Supreme Court To Hear Cases On Prison Facial Hair, Teeth-Whitening
WASHINGTON (AP) — Facial hair and teeth-whitening will be getting unusually prominent attention from the Supreme Court.
The court agreed Monday to hear two cases during its next term that involve matters of personal hygiene in vastly different settings.
In one case, the court will decide whether an Arkansas prison inmate must be allowed to grow a short beard in accordance with his religious beliefs. The justices will hear an appeal from inmate Gregory Holt, who says his Muslim beliefs require him to grow a beard.
State corrections officials say their grooming policy prohibiting beards promotes hygiene and safety. The court previously blocked the state from forcing Holt to shave the beard while the appeal was under consideration.
The 38-year-old Holt is serving a life sentence for domestic violence and burglary. Prosecutors alleged that Holt cut his girlfriend’s throat and stabbed her in the chest at her mobile home.
Holt’s appeal was handwritten and filed without the benefit of an attorney, and the court rarely accepts such cases. The justices will appoint a lawyer to assist Holt in presenting his arguments.
Separately, the high court is taking up a North Carolina case in which the state’s dental regulatory board argues that only dentists should be allowed to whiten teeth. The state Board of Dental Examiners is challenging a lower court ruling and an order by the Federal Trade Commission that said the board engaged in unfair competition in the market for teeth-whitening services by shutting down businesses such as day spas and tanning booths that offered the service.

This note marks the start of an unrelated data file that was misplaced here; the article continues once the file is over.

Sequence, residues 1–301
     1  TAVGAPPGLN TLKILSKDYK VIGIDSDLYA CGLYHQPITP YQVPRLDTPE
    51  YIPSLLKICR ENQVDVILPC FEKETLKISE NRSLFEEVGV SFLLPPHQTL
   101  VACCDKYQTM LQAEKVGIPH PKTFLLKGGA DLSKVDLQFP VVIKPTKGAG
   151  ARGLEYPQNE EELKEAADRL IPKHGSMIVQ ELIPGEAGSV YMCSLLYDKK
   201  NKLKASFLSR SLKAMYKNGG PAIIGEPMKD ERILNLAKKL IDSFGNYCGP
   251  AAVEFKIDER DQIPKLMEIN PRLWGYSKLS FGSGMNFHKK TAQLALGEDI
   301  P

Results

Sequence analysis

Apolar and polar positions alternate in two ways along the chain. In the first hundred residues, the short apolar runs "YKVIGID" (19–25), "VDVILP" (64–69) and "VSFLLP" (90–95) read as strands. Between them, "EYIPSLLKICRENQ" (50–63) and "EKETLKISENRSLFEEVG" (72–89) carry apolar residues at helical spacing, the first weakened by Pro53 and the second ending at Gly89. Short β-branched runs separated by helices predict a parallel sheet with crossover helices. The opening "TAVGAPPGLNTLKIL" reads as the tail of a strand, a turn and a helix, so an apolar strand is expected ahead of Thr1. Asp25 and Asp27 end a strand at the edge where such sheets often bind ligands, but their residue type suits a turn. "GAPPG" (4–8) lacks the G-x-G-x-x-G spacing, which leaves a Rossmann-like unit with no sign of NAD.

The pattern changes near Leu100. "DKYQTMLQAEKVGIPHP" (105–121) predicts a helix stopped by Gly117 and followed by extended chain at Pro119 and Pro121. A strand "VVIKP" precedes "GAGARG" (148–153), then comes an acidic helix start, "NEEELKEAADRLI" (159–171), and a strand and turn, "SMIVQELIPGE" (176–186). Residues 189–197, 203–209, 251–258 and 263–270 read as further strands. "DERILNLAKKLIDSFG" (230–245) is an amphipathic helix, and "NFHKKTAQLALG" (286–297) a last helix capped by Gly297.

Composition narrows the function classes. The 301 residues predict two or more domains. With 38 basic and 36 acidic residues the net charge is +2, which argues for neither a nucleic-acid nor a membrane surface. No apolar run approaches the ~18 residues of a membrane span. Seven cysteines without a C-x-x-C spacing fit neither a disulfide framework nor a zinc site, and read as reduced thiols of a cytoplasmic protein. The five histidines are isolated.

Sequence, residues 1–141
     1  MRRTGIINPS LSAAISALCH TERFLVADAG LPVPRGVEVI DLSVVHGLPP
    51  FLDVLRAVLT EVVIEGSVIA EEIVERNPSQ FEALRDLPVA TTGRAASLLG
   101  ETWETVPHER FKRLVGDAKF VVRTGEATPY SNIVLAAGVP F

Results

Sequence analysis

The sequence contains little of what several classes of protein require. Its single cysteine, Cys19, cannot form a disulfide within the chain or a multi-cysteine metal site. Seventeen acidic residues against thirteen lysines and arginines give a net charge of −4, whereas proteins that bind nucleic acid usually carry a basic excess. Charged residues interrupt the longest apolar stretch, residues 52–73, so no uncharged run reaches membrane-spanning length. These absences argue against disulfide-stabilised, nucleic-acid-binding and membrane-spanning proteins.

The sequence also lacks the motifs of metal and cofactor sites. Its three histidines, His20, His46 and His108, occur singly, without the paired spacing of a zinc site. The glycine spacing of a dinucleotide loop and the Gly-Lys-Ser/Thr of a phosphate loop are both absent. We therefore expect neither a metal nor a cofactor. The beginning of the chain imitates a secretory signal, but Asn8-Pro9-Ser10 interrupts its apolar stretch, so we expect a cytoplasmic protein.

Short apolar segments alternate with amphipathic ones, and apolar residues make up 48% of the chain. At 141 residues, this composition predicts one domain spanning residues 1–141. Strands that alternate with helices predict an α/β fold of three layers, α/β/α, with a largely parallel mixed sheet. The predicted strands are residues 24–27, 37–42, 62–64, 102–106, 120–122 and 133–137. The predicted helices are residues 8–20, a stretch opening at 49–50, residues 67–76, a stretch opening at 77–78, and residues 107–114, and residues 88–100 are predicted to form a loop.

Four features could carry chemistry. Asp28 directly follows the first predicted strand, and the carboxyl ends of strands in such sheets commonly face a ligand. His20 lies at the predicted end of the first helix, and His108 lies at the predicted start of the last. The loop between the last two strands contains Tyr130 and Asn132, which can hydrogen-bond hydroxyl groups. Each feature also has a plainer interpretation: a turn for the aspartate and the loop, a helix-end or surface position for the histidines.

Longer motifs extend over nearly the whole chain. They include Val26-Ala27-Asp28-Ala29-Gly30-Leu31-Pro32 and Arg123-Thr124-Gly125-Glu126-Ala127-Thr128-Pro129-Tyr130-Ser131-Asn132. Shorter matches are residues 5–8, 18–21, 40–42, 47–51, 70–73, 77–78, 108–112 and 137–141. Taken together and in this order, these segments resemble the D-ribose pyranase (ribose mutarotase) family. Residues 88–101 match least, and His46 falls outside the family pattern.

The board sued the FTC in 2011, saying the agency overstepped its authority. But the federal appeals court in Richmond, Va., sided with the FTC.
One appeals court judge said the board would have had a stronger case if its members were elected or appointed by state government officials rather than by other dentists.
Both cases will be argued in the fall.
In other cases, the court:
— Will hear a dispute over whether workers who spend time waiting in a line to get security screenings have to be paid for that time.
— Agreed to decide whether a juror’s comments during trial deliberations can be used to show dishonesty during the jury selection process.
— Declined to take up appeals from two local governments in Texas and Pennsylvania that wanted to prevent people who are in the U.S. illegally from renting apartments.
— Turned away a new appeal from the human rights group Center for Constitutional Rights challenging a Bush-era warrantless wiretapping program.
— Declined to hear an appeal from a German family seeking asylum in the United States because their home country does not allow home schooling.
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